Even I can’t believe this cracked the top 10! So much (like soooo much) has already been written about Unfaithful director Adrian Lyne’s long-awaited return—and I’ve happily read it all. Sadly, despite the internet’s unparalleled excitement about seeing Affleck handle both ex Ana de Armas and snails, Deep Water just flat out isn’t good enough to kick-start an erotic thrillersance. However, not even a laughably bad ending can slow down Affleck’s current hot streak. Carrying some of his Gone Girl energy, Affleck stars as cuckold extraordinaire Vic Van Allen, a wealthy man who invented drone warfare and spends his days riding his bike and his nights killing his wife’s young lovers. As we’re repeatedly reminded, Vic is not a “normal guy,” even though only Deep Water MVP runner-up Tracy Letts seems to be suspicious of him. Correctly deemed “the master of self-aware acting” by The Ringer’s Adam Nayman, Affleck, who apparently is also a snail whisperer, knows exactly what movie he’s in and single-handedly makes Deep Water worth the time and conversation. “If you were married to someone else, you’d be so fucking bored, you’d kill yourself,” Melinda (de Armas) tells Vic. That’s interesting, because if Deep Water starred someone else, we’d have been so fucking bored. Also, I challenge you to find a better, funnier, and more engaging hand-washing performance!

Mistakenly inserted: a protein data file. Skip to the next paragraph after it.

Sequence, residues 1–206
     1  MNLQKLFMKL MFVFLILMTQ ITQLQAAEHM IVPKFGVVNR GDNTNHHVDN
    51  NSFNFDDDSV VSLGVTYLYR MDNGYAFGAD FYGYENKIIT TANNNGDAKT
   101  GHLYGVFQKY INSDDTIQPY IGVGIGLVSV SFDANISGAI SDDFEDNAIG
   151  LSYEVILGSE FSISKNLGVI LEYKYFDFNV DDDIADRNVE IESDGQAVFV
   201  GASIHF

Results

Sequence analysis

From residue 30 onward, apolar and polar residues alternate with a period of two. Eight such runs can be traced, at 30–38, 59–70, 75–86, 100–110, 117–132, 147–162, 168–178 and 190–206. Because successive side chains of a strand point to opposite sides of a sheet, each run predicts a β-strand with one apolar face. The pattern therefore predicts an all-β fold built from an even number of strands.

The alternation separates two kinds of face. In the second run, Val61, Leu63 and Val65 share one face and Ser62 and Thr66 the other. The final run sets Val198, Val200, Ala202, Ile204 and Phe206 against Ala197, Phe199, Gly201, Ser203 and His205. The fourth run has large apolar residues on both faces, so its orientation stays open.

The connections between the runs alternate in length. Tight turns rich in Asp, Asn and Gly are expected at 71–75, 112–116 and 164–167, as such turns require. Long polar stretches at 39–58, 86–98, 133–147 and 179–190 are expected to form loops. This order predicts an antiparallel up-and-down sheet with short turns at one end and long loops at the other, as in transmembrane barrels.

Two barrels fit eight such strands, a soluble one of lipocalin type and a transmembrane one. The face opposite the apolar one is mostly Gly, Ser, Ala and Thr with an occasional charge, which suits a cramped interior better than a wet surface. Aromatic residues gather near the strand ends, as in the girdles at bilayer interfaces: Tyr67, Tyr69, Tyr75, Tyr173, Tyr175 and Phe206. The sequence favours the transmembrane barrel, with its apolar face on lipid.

8. The Accountant, 2016
They had me at “Ben Affleck stars as an accountant/hitman in an action-thriller from Warrior director Gavin O’Connor,” and then they [spoiler alert] went and revealed that Jon Bernthal would play his rival hitman brother! I will happily accept a rumored sequel featuring the further adventures of those kids—and that really says something, because this could have gone so wrong. The key part of The Accountant’s premise I didn’t already mention is that Christian Wolff has high-functioning autism, a condition deeply explored both in the present and through flashbacks to his upbringing. Credit to Affleck and O’Connor for not falling into the usual trap of going too big, instead opting for more subtle touches—all of which Affleck nails, from the mannerisms to the spot-on line deliveries. (I’ve crunched the numbers and “I have a pocket protector” deserves its own tax exemption.)
7. Hollywoodland, 2006